On June 18, 2021, the Internal Revenue Service (the IRS) Office of Chief Counsel released Memorandum 202124008 addressing the application of Internal Revenue Code (Code) Section 1031 to exchanges of certain cryptocurrencies that occurred prior to the Tax Cuts and Jobs Act (TCJA). The TCJA, P.L. 115-97, amended Section 1031 of the Code to provide that like-kind exchange treatment applies only to real property. The memorandum addressed the following question: If completed prior to January 1, 2018, does an exchange of (i) bitcoin for ether, (ii) bitcoin for litecoin, or (iii) ether for litecoin (each a Described Exchange) qualify as a like-kind exchange under Section 1031 of the Code? The IRS concluded that each Described Exchange did not qualify as a like-kind exchange under Section 1031 of the Code.
The IRS referenced Notice 2014-21 treating virtual currency as property for federal income tax purposes and thus subject to general tax principles applicable to property transactions. Citing Rev. Rul. 2019-24, the IRS noted that virtual currencies such as Bitcoin, Ether, and Litecoin are cryptocurrencies because they depend on cryptography to secure transactions that are digitally recorded on a distributed ledger. The IRS highlighted the characteristics and functionality of each cryptocurrency, focusing on (a) overall design, (b) intended use, and (c) actual use in analyzing each Described Exchange.
Notably, in addition to cryptocurrencies being used as a method of payment, the IRS acknowledged that taxpayers make investments in a variety of cryptocurrencies and some cryptocurrencies may be exchanged for fiat currencies, while others may only be exchanged for certain types of cryptocurrencies.
While taxpayers cannot rely on the memorandum, it is still helpful for parties who take the position that their exposure to cryptocurrencies is unrelated to any trade or business and only relates to investment activities.
In resolving the question as to whether Section 1031 of the Code applies to each Described Exchange occurring prior to January 1, 2018, the IRS explained that Section 1031(a)(1), which provides that “[n]o gain or loss shall be recognized on the exchange of property held for productive use in a trade or business or for investment if such property is exchanged solely for property of like-kind which is to be held either for productive use in a trade or business or for investment,” applies only to a transaction where the taxpayer’s economic situation is essentially the same as the taxpayer’s economic situation prior to the transaction. Treas. Reg. § 1.1031(a)-1(b) defines “like kind” for purposes of Section 1031(a) of the Code as “the nature or character of the property and not the grade or quality. One kind or class of property may not, under that section, be exchanged for property of a different kind or class.” The IRS cited Rev. Rul. 82-166 where the exchange of gold bullion for silver bullion resulted in gain recognition partly because the latter was used primarily as a commodity and the former was used primarily as an investment. The IRS also cited Rev. Rul. 79-143 where the exchange of gold coins for gold coins was considered taxable because one type of gold coin was valued for its collectability and the other was valued for its metal content. While taxpayers cannot rely on the memorandum, it is helpful that the IRS has used these rulings on commodities to assist it in the interpretation of Section 1031 of the Code, particularly for taxpayers relying on existing commodity determinations in respect of other provisions of the Code.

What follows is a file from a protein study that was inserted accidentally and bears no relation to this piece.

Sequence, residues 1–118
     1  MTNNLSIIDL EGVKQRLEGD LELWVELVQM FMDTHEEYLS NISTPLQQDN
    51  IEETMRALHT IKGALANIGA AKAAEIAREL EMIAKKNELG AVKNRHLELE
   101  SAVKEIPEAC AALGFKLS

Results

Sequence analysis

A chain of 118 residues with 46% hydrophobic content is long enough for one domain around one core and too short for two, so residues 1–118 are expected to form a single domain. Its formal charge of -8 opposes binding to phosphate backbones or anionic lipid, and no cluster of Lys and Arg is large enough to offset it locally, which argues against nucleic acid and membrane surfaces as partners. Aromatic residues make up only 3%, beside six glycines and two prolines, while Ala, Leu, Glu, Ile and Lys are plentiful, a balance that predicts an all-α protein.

The IRS compared Bitcoin and Ether to Litecoin, concluding that Bitcoin and Ether had a fundamentally different role in the broader cryptocurrency market from 2016 to 2017, highlighting that “Bitcoin and Ether acted as an on and off-ramp for investments and transactions in other cryptocurrencies” because in order to invest in cryptocurrency or liquidate an investment, an investor would have needed to acquire either bitcoin or ether first. In contrast, the IRS noted that litecoin was substantially more limited when it came to trading. As a result of that difference, the IRS concluded that neither the exchange of bitcoin for litecoin or ether for litecoin qualified for like-kind exchange treatment due to the differing nature and character of the cryptocurrencies involved. Taxpayers should note that given the various uses or functions that cryptocurrencies can serve, apart from a possible investment, a critical analysis of all the ultimate facts and circumstances is necessary. The use of a cryptocurrency, for example, to perform a service-like function could be viewed as a trade or business that is beyond mere investment.
In respect of the exchange of bitcoin for ether, even though the IRS acknowledged that both had a similar role in the cryptocurrency market and had similar qualities and uses, the IRS noted that Bitcoin “is designed to act as a payment network for which Bitcoin acts as the unit of payment” whereas Ether was intended to act not only as a payment network but “as a platform for operating smart contracts and other applications.” Thus, the different functionalities of bitcoin and ether led the IRS to conclude that the exchange of one for the other would not qualify as like-kind property under Section 1031 of the Code.
The memorandum addressed only exchanges of bitcoin for ether, bitcoin for litecoin, and ether for litecoin.